Sophie is UK Head of Sustainability within Jones Lang LaSalle (JLL), the global professional services company specialising in real estate. Sophie is responsible for JLL’s sustainability leadership position in the UK marketplace and with clients, as well as driving JLL’s internal environmental and social performance across our own estate and workforce. Sophie is a member of the UK Executive and the UK Building a Better Tomorrow Board.
Prior to taking on this role in 2016, Sophie was a Director in the Upstream business within JLL, overseeing our Strategy & Communication services. Over 8 years, Sophie helped companies create market-leading sustainability visions, strategies and implementation programmes, and ensured results are achieved. Sophie has designed strategies for companies and for major master-plans in Europe, the Middle East and Africa, she has assisted multiple clients with their sustainability reporting, she set up our own European training programme, and she has implemented socio-economic and environmental management systems. Sector experience includes: real estate; retail; professional services; agriculture; and healthcare.
Sophie joined JLL in 2007, having worked in the UK House of Commons. Sophie has an MSc from Cranfield University in Environmental Management for Business and an MA (Oxon) in English & Modern Languages from the University of Oxford. Sophie was Estates Gazette Young Professional of the Year 2014 and one of the ULI 40 under 40 winners 2014.
What is JLL’s sustainability mission?
JLL’s sustainability programme is Building a Better Tomorrow. At JLL we believe we need to go beyond bricks and mortar. Buildings affect our health, happiness and can make our work more productive. But they also account for more than half the total impact on the planet. Our mission is to build livelihoods, relationships, ideas, places and a sustainable future. We want to be the most sustainable real estate services firm globally, realising our significant opportunity to make buildings and cities where people thrive.
What was the driver behind this?
In the UK, we committed back in 2011 to embedding sustainability in everything we do. The primary driver was strong client and staff feedback on the opportunity for us to be market-leading across all of our services – we had a great sustainability consultancy in our Upstream Sustainability Services business, which was and continues to be a great asset to our clients. But we were not realising the benefit of up-skilling our whole workforce to be able to talk confidently about how to navigate the environmental and social implications of real estate decision-making, and we weren’t consistently walking the talk in our own buildings. That has definitely changed for the better, not least with the UK launch of Building a Better Tomorrow in 2014, which was adopted globally this year.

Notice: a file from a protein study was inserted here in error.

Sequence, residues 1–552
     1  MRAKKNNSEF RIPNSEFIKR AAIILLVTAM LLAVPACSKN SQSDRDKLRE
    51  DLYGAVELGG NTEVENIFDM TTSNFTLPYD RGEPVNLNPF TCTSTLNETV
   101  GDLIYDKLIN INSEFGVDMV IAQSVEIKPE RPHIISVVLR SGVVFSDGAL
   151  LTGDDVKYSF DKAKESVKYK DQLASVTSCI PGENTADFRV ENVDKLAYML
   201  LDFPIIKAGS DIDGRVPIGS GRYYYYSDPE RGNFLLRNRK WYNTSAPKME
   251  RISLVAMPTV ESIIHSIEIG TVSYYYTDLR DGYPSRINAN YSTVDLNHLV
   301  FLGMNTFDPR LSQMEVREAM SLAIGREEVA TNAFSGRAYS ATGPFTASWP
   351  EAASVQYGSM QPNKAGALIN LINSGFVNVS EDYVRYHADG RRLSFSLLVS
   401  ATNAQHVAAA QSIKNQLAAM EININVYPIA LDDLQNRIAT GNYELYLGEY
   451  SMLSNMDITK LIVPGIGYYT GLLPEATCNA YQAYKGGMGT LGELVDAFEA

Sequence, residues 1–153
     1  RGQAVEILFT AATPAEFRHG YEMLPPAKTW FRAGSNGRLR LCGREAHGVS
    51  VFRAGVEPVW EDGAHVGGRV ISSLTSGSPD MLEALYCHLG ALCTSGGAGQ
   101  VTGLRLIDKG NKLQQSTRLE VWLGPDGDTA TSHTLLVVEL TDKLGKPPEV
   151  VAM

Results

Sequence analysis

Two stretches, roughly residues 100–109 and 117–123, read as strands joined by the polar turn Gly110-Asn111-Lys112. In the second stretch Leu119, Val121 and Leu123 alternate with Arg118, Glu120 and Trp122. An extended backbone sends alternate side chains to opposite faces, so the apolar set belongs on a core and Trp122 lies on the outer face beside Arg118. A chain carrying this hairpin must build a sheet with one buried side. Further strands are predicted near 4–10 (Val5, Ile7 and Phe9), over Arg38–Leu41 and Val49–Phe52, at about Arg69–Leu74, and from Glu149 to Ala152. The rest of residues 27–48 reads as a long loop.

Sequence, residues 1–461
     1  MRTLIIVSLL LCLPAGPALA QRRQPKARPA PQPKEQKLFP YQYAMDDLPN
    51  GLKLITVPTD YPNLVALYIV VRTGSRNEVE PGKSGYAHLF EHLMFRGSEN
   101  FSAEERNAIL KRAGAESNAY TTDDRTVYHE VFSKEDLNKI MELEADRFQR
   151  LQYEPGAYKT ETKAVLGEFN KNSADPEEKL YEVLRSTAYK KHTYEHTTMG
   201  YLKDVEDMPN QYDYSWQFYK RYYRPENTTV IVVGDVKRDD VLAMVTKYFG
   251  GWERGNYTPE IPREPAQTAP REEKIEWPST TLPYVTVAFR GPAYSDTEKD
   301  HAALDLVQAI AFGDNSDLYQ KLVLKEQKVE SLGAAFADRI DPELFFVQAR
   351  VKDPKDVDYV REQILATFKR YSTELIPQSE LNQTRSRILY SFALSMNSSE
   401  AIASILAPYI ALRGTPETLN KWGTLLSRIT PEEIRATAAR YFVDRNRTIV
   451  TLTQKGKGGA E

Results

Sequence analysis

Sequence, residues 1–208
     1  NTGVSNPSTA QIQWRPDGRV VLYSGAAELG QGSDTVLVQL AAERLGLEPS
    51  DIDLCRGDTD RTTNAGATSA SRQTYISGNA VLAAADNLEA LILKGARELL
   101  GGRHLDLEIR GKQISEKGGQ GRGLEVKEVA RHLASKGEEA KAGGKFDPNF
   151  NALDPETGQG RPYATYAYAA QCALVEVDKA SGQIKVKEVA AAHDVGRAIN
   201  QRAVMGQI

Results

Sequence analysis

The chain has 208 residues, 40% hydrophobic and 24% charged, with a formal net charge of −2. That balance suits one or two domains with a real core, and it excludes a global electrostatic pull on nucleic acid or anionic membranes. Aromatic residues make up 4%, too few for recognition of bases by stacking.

Who does it primarily serve?
For me, leading our UK programme, the emphasis is on helping and influencing our clients, our industry, our staff and our communities to be resilient long into the future. At a global level, as a listed company, our programme also gives our shareholders confidence that we are thinking and acting long-term, and they will generate secure value from their investment in us.
What difference does JLL want to make in sustainability?
We want to continue to leading the conversation and setting sustainability standards for the real estate industry. Every day we give advice to thousands of people about thousands of buildings, and procure many services and products on their behalf. That is a unique influencing opportunity and where we can make the biggest difference. I want us to get to a point where every transaction, every building we manage or build, and every piece of advice we give to clients, genuinely evaluates how we make buildings healthier and better connected with our communities and the natural environment. We also want to be an exemplar – in our own workplaces and with our own people – of how you fit-out and run great sustainable buildings, and of how you create a work culture that values diversity, develops skills for tomorrow’s challenges and fosters good health and well-being. We have made great strides, but there is so much more to do.
What are the barriers to making that difference?
In part the biggest challenge for me is having a large workforce. As influencers, it is critical that our staff are knowledgeable and bought-in to what we are seeking to do. All of our UK staff have undertaken our mandatory sustainability e-learning programme, which was a great start, and we run refresher sessions for our network of over 200 champions. However, you do need to keep updating this knowledge base for all staff, keeping them enthused through exciting comms and driving the sustainable behaviour change. Furthermore, we have been through a fair bit of M&A in the last few years. This brings fresh ideas and fresh business lines in to JLL, which is great, but it also means that there is an ongoing need to get new staff up to speed on sustainability quickly, even when they are taking on so many new things about a different company’s culture and structure.
Who’s helping you overcome those barriers?